The stir fry also contained Purple Sproutng Broccoli, Carrots, Leeks and Winter Radish

A tip to keep Leeks in Good Condition

Leeks are still hanging on in there, but will soon be growing flower stalks, which makes the inside of the barrel very hard. If you are like me and have little freezer space available, a way of making them last a litle longer in edible condition is to heel them in.

Dig a V-shaped trench about 20cm deep in an area where you will not be growing anything for the next few weeks, dig up the leeks, lay them against one sloping side of the trench and bury them half way up their length using the soil you dug out. This stops them growing and but keep them fresh, so you can use them as you need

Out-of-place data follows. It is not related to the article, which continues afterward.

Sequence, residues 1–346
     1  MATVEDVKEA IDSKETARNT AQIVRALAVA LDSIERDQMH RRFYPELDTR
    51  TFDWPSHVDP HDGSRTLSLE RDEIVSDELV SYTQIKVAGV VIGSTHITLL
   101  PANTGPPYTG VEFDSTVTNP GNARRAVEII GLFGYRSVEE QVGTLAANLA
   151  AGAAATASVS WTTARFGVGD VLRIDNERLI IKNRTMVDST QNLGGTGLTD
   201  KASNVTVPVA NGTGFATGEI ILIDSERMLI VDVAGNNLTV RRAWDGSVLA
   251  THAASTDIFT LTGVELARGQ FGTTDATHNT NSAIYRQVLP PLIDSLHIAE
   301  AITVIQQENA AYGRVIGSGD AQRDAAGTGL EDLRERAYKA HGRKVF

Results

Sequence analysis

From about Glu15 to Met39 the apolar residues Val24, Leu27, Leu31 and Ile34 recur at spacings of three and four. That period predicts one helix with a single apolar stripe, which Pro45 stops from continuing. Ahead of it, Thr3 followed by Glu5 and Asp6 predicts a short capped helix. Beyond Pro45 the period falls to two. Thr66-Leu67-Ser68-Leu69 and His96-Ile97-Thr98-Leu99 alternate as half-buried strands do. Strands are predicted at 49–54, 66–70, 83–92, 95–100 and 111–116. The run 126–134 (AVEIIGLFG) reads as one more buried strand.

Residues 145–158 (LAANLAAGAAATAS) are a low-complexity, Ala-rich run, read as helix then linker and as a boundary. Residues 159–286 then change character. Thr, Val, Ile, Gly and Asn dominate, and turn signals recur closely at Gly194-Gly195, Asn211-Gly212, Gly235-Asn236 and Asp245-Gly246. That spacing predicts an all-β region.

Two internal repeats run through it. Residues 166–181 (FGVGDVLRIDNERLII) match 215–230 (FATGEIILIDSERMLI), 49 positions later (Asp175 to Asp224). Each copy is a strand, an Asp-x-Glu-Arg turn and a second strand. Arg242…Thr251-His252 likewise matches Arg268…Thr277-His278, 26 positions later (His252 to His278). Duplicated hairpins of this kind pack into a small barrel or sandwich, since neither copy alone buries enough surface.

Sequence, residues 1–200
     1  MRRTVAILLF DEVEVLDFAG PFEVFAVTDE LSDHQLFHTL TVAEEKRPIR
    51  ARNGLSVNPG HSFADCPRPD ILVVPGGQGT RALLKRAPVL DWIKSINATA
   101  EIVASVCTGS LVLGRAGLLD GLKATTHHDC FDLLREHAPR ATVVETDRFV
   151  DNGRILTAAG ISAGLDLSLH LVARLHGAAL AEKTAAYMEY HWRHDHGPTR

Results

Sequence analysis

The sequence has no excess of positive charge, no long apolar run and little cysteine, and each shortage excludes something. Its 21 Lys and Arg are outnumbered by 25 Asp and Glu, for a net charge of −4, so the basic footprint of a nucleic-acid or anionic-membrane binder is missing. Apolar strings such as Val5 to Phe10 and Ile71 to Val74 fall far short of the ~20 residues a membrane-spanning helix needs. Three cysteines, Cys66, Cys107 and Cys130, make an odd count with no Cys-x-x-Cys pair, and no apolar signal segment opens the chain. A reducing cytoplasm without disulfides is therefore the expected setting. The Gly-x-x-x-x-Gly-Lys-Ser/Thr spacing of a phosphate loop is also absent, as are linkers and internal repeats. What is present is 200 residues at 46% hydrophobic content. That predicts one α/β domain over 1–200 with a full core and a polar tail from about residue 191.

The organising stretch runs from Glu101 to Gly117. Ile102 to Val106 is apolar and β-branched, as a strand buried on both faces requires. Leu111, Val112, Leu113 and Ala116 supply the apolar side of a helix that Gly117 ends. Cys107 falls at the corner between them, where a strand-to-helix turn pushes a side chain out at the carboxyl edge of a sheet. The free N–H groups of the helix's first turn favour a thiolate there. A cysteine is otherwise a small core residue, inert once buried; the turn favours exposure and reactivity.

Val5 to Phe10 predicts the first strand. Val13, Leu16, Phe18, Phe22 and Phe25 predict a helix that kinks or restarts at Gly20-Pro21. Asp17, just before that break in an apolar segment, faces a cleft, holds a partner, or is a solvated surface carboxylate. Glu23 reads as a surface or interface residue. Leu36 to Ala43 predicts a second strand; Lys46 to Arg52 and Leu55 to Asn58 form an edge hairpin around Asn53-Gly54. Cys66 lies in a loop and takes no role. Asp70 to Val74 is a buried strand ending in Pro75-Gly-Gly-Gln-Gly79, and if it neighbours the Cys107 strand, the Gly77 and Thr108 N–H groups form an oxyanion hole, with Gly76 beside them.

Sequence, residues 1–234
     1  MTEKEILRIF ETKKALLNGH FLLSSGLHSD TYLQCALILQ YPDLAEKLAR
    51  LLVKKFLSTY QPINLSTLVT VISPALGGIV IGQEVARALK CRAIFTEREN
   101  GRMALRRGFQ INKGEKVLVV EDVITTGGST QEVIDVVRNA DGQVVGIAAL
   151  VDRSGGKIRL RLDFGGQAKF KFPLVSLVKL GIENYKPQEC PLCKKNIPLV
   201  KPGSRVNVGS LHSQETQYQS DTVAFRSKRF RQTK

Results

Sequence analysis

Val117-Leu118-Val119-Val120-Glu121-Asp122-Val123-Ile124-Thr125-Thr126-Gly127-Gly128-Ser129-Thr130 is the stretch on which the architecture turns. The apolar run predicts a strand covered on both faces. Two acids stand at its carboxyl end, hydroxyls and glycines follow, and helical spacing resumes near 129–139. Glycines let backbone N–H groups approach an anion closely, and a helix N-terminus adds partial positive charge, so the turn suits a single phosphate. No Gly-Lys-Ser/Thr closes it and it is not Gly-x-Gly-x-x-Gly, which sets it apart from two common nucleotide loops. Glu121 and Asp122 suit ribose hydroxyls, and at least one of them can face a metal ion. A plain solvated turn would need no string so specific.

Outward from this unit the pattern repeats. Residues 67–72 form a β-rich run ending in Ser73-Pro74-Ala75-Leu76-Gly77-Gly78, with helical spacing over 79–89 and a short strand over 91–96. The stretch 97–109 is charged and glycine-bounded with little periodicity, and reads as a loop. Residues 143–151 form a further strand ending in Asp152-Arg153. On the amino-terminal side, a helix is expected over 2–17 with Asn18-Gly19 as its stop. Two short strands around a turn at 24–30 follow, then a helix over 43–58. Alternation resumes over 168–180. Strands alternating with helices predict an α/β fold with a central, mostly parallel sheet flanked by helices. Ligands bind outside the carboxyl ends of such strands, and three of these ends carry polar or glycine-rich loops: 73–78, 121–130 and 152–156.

I have only ever done this when we have had long period of freezing weather, to make sure I can get leeks to eat when the ground is too hard to dig, but John Harrison, from Allotment Gardening, told me that heeling leeks in like this is helpful now as well. I shall be doing this with mine in the coming week, as there still a fair few growing. Thanks for the tip John!

The final harvest this week is fresh herbs: Flat leafed Parsley to garnish Roast Vegetable Soup, Rosemary to cook with roast potatoes, Thyme to add to this week's soda bread and Bay to add depth of flavour to dhall

Herbs of all kinds are really worth the small space they take up, as they are so expensive to buy in the supermarket, and in such small quantities too. It is so good to be able to gather whatever you fancy from the garden or plot. I am looking forward to the first mint of the season!